The road to revolution (part 3)
“The people of this country have had enough of experts from organisations with acronyms,” said Michael Gove during the referendum campaign. It wasn’t clear what he thought of those without acronyms, but he probably didn’t like them either. In fact, he’s not very keen on experts altogether.
That was an especially dumb remark from an intelligent man. During Gove’s education, which he values so highly, he was taught by experts in the subjects he was studying. During his time at various ministries, he has been guided by experts, by people who have had the experience and the knowledge that he lacks. But the most noteworthy thing about his remark was that it seemed to strike a chord with a large part of the population – the part that later voted to leave the EU.
Michael Gove might like to draw a distinction between those experts whose expertise lies in things that are known, or in events that have happened, and those for whom it lies in predicting what may happen. However, these are – or should be – mainly the same people. A knowledge of what has happened and what exists is a precondition for understanding what may happen.
However, let us confine ourselves to the second category – the predicters – because those are the experts who infuriate us. The ones, to be specific, that think that something will happen that we don’t want to happen. The ones whom we don’t like because they may be right.
We don’t want global warming to be true, because it means we will have to change our behaviour. So let’s say it isn’t happening. Bloody experts. What do they know? We don’t want to believe that immigrants might enrich our country. So let’s say they’re parasites. Bloody experts. What do they know? We don’t want Brexit to leave us poorer. So let’s say it will make us richer. Bloody experts. What do they know?
Up to a point it has always been popular to deride experts, and up to a point it is healthy. Predicting the future is a mug’s game. However well-informed the mug, he or she cannot be right all the time and may sometimes be spectacularly wrong. There is always good reason to be sceptical about any prediction, but predictions still need to be made. It would be impossible to run a government, or any organisation, otherwise.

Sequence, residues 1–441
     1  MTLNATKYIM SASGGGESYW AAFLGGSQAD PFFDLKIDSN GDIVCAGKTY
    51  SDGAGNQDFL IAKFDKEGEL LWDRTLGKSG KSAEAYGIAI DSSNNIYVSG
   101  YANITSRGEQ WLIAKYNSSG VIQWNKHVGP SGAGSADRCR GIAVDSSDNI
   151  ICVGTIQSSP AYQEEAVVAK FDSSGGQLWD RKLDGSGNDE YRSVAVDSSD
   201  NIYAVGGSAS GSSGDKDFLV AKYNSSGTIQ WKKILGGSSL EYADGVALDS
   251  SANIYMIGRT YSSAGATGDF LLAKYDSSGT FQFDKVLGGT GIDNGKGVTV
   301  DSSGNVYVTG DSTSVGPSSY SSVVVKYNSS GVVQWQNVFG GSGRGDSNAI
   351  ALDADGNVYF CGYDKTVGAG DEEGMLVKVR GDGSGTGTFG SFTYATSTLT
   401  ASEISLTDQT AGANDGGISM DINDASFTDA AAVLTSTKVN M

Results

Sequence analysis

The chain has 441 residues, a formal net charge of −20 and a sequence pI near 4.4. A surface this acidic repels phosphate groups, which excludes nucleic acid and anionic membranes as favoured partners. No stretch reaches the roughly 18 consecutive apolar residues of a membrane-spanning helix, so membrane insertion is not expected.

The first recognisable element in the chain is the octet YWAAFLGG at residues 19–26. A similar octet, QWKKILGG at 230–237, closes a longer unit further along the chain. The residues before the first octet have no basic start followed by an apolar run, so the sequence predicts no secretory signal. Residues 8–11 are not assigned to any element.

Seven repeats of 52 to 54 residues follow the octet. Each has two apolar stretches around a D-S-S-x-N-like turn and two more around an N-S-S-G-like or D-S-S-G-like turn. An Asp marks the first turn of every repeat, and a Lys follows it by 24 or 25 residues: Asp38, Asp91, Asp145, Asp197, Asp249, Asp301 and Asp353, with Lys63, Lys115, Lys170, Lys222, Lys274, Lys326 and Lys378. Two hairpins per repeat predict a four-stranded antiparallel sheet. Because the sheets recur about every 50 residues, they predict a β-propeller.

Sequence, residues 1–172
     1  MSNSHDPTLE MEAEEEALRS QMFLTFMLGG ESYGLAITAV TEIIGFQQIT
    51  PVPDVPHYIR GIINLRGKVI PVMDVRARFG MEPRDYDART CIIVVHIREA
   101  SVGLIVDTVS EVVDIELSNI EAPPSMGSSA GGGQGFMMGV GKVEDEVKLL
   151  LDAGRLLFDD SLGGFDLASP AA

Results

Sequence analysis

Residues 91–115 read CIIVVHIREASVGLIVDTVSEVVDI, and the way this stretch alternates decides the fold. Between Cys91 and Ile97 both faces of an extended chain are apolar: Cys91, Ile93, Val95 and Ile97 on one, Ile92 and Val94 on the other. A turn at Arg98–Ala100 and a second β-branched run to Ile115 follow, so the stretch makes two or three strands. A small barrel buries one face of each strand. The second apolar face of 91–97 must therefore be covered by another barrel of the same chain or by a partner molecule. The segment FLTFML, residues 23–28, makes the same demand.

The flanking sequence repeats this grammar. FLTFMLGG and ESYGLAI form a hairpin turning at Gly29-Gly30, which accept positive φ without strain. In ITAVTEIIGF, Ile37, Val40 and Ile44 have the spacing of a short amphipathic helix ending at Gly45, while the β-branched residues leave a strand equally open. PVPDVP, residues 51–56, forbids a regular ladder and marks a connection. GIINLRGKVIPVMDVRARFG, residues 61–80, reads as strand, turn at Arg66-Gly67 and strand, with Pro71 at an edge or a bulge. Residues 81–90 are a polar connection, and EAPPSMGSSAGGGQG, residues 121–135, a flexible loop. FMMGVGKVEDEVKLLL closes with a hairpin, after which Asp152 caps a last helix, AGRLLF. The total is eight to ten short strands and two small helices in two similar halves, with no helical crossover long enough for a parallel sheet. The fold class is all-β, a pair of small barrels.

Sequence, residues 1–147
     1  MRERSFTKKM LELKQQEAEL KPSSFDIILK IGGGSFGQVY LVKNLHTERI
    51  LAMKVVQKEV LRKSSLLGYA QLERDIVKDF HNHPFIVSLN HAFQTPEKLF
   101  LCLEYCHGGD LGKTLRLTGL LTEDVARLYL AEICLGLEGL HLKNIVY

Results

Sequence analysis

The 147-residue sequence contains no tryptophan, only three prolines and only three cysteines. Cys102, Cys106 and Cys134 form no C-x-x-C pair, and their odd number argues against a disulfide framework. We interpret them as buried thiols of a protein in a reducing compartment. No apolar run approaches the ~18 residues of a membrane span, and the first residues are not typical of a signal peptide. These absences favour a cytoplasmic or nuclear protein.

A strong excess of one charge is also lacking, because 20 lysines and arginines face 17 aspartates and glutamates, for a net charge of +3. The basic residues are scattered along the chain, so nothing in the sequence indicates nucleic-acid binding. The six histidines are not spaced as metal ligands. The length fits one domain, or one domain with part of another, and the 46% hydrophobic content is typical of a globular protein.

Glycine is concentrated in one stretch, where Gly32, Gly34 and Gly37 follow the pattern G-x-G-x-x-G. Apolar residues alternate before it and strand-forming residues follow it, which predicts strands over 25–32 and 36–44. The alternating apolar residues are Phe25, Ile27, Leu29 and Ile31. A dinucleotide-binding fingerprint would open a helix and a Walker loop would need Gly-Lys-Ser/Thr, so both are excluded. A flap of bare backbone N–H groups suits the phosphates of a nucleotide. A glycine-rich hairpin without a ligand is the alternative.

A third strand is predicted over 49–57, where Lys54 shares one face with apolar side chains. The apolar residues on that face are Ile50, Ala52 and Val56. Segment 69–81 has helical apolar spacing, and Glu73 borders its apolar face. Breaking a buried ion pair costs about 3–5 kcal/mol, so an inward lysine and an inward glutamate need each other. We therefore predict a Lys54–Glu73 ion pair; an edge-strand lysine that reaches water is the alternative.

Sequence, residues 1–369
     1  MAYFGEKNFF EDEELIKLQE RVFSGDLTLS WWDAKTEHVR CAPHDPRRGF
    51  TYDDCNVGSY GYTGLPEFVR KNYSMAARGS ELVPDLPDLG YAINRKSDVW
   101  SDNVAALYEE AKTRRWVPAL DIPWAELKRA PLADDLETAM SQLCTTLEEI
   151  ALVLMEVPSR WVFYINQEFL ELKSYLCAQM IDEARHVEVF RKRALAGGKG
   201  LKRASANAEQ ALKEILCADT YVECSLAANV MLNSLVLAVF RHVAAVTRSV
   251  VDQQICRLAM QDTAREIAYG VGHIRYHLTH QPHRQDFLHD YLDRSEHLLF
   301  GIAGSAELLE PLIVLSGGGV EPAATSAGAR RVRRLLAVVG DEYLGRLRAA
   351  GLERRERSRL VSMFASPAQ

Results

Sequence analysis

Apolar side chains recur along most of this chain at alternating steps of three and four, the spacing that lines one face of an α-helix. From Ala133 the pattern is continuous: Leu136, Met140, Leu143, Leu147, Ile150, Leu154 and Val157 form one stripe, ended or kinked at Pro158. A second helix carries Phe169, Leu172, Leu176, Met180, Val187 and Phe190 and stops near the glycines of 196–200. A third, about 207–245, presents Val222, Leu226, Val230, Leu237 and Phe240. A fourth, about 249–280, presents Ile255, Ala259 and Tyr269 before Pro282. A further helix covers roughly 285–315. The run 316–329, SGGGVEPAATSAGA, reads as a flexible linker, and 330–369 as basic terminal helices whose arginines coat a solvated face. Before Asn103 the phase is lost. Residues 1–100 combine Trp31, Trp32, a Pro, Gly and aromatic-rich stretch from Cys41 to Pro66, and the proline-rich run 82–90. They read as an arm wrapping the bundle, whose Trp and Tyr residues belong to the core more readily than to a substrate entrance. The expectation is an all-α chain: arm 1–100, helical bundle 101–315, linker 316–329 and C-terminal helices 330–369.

Or indeed our own lives. We constantly make silent predictions about ourselves. When we take an important decision, that is based at least partly on a prediction of what the consequences of that decision will be. We may be wrong, just as those who predict the consequences of Brexit may be wrong, but we still need to make the calculation. And we don’t like anyone else telling us what to do. We’re the experts in our own lives.
The logical concomitant of deriding experts is to assert that people who know nothing about a subject, who have spent no time studying it, who could not even tell you the most basic facts about it, are just as likely to make an accurate prediction as an expert. To me, this is nonsensical, but it seems increasingly to be what people believe.
Experts are members of elites: they are the elite of their particular specialisation. It is not surprising that a derision of elites should accompany a derision of experts, as it now does. Once upon a time, nations strove to produce elites, and populations respected them. Not any longer.
Our understandable dislike of a social elite has morphed into a dislike of most other elites. The days when Harold Macmillan could fill government posts with 35 Old Etonians, seven of them in the Cabinet, are thankfully long passed. However, the more meritocratic age that has followed – in politics, in business and in most walks of life – has created new elites, and we don’t like them any better. In fact, we may like them less, because they are more like ourselves and serve as a reminder of what we have failed to achieve. We can no longer say it was because we “didn’t have the Latin”.
But our attitudes are confused. We salute record hauls of Olympic gold medals and applaud the elite sporting programmes that have enabled them. We would probably agree that the most gifted young musicians and artists should be nurtured. And also with the proposition that Britain’s future will depend on science and technology, and that we need to develop world-class talent in these areas. An elite, in other words.
If anyone suggests that our school and university system should aim to create an academic elite, however, they are howled down. Perhaps it has to do with what can be proven or demonstrated. We know we can’t run 100 metres in 10 seconds, or build a robot, so we reluctantly acknowledge the superiority of those who can. But none of us is prepared to accept that someone else is more intelligent than we are. It’s down to luck. Or unfair advantage. Or anything other than the fact that we may be less intelligent. Educationalists saying that some people are brighter than others? Bloody experts. What do they know?
So it’s down with elites, and down with experts, and down with anyone who might be able to guide us intelligently into the future – not always in the right direction, but more likely than monkeys to reproduce the works of Shakespeare. But let’s ignore them. We’re just as good as they are.
This is all part of the road to revolution. The traffic is going one way and shows no signs of slowing down.
In 1937, the future politician Douglas Jay wrote: “in the case of nutrition and health, just as in the case of education, the gentleman in Whitehall really does know better what is good for people than the people know themselves.” What a quaint thought. However, and whatever he thinks about experts, when Michael Gove sits at his desk in Whitehall, I bet he believes it.